All right, so… much as I was late to the amazing “BoJack Horseman,” I’m a little late to the Adult Swim series “Rick and Morty.”
While it’s a bit more absurdist rimshot theater than Bojack, it’s a smart and interesting show that traffics in some fun scifi tropes with a wink and a nod, while occasionally dipping into some pretty deep and thoughtful dialog, plumbing a variety of philosophical themes, largely existentialism.
First, a recap:
Rick is a brilliant, irresponsible, rude, inappropriate, offensive, hard-drinking mad scientist who’s moved in with his daughter, her husband, and their two kids: 14 year old Morty and 17 year old Summer. Rick takes Morty on crazy inter-dimensional adventures to alternative universes (that often function as metaphors for the more screwed up aspects of our own universe) and insanity ensues, with aliens and monsters and robots and all kinds of wonderful stuff.
In one episode, Rick and Morty manage to destroy the world (maybe our entire universe) and escape to another, where they find their alternative selves dead from an explosion.
In the episode “Rixty Minutes,” in that universe they’ve escaped to, Summer has discovered that she was the result of an unplanned pregnancy, and her parents (who were teens at the time) considered aborting her.
She’s understandably devastated, and is planning on leaving home… which is where Morty steps in with this exchange.
“I kind of know how you feel, Summer.”
“No you don’t. You’re the little brother. You’re not the cause of your parents’ misery, you’re just a symptom of it.”
“Can I show you something?”
“Morty, no offense, but a drawing of me you made when you were eight isn’t going to make me feel like less of an accident.”
Morty points outside, indicating a pile of freshly turned soil in the back yard.
“That, out there, that’s my grave.”
“On one of our adventures Rick and I basically destroyed the whole world. So we bailed on that reality and we came to this one, because in this one the world wasn’t destroyed, and in this one we were dead, so we came here, and we buried ourselves, and we took their place. And every morning, Summer, I eat breakfast twenty yards away from my own rotting corpse.”
“So you’re not my brother?”
“I’m better than your brother. I’m a version of your brother you can trust when he says ‘don’t run. Nobody exists on purpose. Nobody belongs anywhere. Everybody’s gonna die.’ Come watch TV.”
I’m not the first to reference this passage… the Rick and Morty Wikipedia page quotes the last line, noting that it’s clearly (to some) a call out to Sartre’s “Every existing thing is born without reason, prolongs itself out of weakness, and dies by chance.”
But what I love about the passage in its entirety is that it illustrates a crisis that could only be derived from a purely scifi narrative… and that as all great dialog does, even when it’s a little on the nose like this, it reveals something about the characters and how they’re not just responding to, but evolving because of, the dramatic events that pummel them.
In other words, if we take the next logical step from Sartre’s treatise, the question is “what do we do with that information? What kind of hell is it to live every day knowing exactly that?”
In this exchange Summer reveals how the revelation of her birth makes her feel, she discovers that the people around her are living their own challenges (maybe greater than our own,) and both she and Morty plumb the concept that at any given moment, we’re nothing more than the sum total of our experiences and our reactions to them. And we have to then figure out how to live with that crushing awareness.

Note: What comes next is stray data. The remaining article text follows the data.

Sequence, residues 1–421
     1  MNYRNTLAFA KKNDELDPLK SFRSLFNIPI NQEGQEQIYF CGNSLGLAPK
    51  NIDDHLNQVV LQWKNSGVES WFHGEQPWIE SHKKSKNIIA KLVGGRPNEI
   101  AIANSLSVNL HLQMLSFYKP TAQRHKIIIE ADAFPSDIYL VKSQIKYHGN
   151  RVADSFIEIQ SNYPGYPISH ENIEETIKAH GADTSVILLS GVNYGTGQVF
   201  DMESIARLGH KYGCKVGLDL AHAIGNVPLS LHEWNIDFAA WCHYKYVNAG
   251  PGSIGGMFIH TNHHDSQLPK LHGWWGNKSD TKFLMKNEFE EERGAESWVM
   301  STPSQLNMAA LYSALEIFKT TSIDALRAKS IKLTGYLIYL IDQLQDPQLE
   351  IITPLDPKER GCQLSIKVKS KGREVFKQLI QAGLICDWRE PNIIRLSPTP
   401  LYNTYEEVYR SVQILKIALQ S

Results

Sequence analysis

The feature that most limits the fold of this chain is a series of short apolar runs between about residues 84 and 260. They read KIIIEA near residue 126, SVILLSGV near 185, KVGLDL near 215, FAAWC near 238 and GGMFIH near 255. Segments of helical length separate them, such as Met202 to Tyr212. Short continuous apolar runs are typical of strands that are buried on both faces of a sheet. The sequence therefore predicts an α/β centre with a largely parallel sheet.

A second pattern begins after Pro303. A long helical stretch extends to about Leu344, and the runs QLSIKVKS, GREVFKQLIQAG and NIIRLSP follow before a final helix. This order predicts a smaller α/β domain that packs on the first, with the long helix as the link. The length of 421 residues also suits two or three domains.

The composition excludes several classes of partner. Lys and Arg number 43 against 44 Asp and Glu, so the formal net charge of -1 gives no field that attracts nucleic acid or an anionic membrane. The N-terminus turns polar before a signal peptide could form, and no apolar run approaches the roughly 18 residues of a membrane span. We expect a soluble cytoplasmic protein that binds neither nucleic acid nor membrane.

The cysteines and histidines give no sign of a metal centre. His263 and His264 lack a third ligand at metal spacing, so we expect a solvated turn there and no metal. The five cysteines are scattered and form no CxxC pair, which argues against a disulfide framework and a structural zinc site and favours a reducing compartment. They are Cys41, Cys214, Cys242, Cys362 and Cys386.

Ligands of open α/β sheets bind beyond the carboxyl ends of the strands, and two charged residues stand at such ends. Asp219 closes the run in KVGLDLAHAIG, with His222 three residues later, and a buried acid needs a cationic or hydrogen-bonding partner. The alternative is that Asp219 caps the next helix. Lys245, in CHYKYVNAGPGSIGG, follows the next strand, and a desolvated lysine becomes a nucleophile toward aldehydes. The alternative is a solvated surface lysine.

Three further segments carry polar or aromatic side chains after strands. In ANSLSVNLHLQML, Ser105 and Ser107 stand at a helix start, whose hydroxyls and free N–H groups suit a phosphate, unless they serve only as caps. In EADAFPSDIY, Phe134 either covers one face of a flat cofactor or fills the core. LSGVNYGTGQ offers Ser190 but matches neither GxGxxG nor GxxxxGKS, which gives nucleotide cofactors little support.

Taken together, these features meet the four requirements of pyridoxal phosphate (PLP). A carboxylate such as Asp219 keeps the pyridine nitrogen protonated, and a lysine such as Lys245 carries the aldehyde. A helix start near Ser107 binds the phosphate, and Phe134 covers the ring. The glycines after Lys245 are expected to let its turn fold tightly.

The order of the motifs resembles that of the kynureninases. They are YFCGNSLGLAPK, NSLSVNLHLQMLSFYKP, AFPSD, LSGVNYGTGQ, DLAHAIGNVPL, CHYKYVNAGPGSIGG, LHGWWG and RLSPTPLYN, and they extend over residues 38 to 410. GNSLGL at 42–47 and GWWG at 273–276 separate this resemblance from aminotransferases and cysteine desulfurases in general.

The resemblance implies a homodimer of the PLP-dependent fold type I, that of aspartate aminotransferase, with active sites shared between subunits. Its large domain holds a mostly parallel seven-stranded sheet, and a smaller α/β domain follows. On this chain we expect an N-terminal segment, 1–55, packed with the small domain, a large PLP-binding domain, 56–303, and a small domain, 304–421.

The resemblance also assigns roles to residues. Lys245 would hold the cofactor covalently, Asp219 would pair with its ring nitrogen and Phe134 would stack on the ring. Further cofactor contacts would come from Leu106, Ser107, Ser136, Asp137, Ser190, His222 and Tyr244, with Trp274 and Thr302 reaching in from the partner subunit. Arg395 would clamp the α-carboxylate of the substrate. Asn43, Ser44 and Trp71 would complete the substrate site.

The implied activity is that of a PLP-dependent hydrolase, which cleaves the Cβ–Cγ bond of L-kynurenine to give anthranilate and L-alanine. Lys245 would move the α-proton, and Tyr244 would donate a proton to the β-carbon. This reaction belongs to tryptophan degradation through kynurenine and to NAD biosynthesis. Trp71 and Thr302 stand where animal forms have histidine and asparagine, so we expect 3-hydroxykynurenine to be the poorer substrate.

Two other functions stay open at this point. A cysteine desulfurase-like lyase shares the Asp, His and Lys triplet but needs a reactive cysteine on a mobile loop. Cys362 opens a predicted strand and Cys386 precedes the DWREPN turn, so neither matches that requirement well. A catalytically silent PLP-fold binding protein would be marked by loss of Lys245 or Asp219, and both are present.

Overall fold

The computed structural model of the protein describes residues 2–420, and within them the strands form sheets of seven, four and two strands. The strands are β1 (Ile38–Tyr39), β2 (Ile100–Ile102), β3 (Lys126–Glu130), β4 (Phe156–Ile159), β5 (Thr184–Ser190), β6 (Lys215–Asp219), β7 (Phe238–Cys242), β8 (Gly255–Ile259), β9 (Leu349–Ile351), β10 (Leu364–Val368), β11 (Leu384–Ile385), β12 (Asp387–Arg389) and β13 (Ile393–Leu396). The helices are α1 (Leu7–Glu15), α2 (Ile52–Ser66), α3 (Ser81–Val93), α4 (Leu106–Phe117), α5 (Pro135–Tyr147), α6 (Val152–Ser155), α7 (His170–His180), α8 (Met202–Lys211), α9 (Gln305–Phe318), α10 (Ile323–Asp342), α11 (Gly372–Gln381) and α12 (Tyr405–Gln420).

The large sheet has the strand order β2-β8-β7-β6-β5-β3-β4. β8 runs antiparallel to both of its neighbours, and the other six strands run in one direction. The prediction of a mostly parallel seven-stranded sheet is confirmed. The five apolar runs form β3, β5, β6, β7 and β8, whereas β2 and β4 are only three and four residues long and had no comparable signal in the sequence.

We even get a brief insight into their relationship, with the reference to Morty at 8… that he drew pictures of his sister is sweet, and charming, and a little revealing. It adds an extra level of historical emotional dynamic to this conversation. That maybe what used to work when they were younger and more naive will no longer cut it now that we know the truth of our place in the universe.
Even outside this absurd scenario, each of us is, at any given moment, a ‘different’ and hopefully ‘better’ version of ourselves thanks to our experiences in the world, and we will affect others and the world around us by virtue of the action those experiences drive us to take.
To get personal and a little sappy… Hopefully, I’m a better version of myself now, in this universe, because of the experiences I had in the alternate universe I call my past, and the things that I learned from them.
And that the whole exchange buttons with Morty’s “Come watch TV” is so perfect and sweet… because in spite of the insanity of the events he’s experienced, he just wants things to be normal in their comforting mundaneness.
When I stumble across moments in a show that make me pause and go “Whoa… I need to watch that again…” I feel the need to share. Even if I’m years behind the pop culture curve.
When you’re writing your characters, what do you know about what’s happened to them in the past (within or before your story) and how that’s made them who they are? How is the way they act now driven by their previous experiences, how have they changed, and how are they changing? How aware are they of that evolution? And how does that affect the way they respond to current story points, and the things they say and do to other characters?
Are your characters as complicated as you are?
There you go. Do with it what you will.